Mercer’s Travel Guide to Bruges

Mercer’s incredible Journal of the Waterloo Campaign stands the test of time as a wonderful travel guide to much of Belgium. For English eyes of the time, to whom the continent had been closed off through two decades or war, his observation of Brussels’ architecture is peerless.

Who can read his Journal and forget his description of ramparts, markets and parks as “I hurried with eager curiosity from street to street and square to square, catching a slight, and but a slight, glimpse of anything, yet delighted, and devouring all”. His page-long description of the the 1380 Hôtel de Ville is well worth reading to yourself in La Grand Place, along with his comment on the architects of the day “notwithstanding the march of intellect, where is the man who could now sit down and conceive such a structure?”

On a number of visits to Belgium this year I have put his descriptions of landscape, town and City to the test, rarely to find them wanting. So what of the incredible medieval delights of Bruges, nowadays a modern mecca for sightseeing, shopping and chocolate which, to Mercer 200 years ago, was just a short stop-over between Ostend and Ghent en-route to fight Napoleon?

Nowadays a popular base for visitors is the Hotel Navarra in Jakobsstraat, and it is this very building in which Mercer was billeted:


The warmth of welcome today is delightful, and certainly much finer than Mercer’s experience. Having parked guns, horses and men in the cavalry barracks, Mercer and his fellow officers headed for what was then known as the Hôtel de Commerce, their first large hotel, “which had the recommendation of novelty, and everything in it became subject of curiosity. The large dreary hall; the comfortless bar adjoining … the equally comfortless and gloomy saloon behind it … the squalid, dirty appearance of the domestics … all served to chill one on first entering.”  Happily the bar is bright and clean today:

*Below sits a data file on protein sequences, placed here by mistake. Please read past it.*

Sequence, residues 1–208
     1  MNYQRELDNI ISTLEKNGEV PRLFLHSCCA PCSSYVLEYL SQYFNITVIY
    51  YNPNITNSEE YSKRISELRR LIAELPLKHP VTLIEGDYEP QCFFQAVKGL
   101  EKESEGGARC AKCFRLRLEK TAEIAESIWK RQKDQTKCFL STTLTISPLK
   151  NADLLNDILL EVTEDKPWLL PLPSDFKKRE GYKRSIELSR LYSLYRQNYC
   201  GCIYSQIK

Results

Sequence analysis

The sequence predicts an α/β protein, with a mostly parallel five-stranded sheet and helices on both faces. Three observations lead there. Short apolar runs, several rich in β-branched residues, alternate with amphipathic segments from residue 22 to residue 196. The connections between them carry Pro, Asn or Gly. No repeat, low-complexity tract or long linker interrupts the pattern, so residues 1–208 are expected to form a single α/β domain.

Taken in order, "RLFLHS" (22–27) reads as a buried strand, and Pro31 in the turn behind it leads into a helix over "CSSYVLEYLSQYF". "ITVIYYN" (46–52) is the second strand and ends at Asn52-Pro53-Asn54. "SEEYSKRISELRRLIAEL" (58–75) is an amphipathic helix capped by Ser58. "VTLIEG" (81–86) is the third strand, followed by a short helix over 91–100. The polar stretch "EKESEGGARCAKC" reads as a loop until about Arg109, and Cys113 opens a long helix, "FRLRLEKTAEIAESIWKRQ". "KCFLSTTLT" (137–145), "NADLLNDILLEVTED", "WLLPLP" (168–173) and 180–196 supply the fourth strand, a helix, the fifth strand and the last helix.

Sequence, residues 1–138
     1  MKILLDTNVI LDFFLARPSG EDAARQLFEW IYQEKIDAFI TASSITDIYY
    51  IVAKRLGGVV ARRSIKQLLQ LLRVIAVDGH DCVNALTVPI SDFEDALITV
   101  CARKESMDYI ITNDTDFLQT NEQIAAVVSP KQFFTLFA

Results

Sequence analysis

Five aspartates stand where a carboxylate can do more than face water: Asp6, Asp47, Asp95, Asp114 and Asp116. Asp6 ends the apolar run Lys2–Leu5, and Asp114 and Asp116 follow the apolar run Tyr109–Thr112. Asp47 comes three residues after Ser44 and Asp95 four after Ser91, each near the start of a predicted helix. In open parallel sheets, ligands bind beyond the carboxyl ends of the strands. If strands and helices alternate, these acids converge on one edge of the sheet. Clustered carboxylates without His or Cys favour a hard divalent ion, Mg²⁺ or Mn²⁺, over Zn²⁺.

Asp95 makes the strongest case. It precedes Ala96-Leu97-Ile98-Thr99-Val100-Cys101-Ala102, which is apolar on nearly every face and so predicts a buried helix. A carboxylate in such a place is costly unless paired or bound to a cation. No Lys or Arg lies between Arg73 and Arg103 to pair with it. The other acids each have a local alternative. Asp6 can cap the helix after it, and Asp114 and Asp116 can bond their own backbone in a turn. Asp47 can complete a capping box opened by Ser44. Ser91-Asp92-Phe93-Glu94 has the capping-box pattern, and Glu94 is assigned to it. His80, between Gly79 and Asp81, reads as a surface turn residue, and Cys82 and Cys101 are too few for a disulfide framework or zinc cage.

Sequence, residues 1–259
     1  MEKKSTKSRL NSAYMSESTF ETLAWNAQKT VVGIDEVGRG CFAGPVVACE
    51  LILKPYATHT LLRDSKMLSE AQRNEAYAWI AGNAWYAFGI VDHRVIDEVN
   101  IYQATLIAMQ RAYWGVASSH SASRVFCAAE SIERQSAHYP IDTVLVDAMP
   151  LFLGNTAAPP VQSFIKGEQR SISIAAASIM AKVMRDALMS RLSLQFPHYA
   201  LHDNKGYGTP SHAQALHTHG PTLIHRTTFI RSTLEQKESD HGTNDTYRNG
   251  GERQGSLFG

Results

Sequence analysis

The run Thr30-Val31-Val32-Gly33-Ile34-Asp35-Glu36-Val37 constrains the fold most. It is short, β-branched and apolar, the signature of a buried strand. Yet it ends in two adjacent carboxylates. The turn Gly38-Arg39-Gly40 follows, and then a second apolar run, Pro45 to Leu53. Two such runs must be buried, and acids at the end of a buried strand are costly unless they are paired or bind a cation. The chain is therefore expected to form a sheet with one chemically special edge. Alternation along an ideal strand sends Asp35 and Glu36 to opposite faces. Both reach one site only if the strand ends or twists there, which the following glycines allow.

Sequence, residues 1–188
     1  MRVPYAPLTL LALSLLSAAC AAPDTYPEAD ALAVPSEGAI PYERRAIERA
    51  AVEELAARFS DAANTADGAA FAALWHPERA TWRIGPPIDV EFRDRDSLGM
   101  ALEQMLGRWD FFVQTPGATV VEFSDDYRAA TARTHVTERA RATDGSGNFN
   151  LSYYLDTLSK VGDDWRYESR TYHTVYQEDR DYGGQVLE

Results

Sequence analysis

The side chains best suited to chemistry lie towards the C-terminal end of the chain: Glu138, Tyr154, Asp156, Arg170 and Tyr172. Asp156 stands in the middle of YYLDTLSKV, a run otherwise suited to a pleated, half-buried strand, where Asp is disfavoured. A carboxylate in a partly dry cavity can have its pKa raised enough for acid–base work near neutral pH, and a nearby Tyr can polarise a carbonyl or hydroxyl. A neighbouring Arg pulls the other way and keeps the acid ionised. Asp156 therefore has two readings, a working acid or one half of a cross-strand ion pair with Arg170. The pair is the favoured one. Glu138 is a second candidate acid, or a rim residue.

He goes on to describe the sensation of their arrival, followed by orderlies, servants and portmanteaus, which brought every member of staff out to greet them, including the chef, nothwithstanding their filthy cotton jackets and bonnets de nuit, to show them up the staircase and along the bedroom corridors (which are still there!). Mercer found that “the beds (without curtains) were very homely, but quite clean” although “the furniture and utensils of the commonest kind.” Returning downstairs “the place appeared altogether abandoned, and I hastened into the street to lounge away the time until dinner, of which, however, I had my misgivings.” Oh dear.

The building first became a hotel in 1720, its illustrious guest list included the Emperor Josef II of Austria in 1781. Once the area fell under French revolutionary control in 1794 parts of the building were used as a commercial court and tribunal, but the hotel remained. When Mercer stayed the original 17th Century facade was still intact. Internally the staircase had been especially built for a visit by Napoleon in 1802, although he never arrived to see it. One hundred years after Mercer’s stay the hotel was enjoyed by German officers during WW1.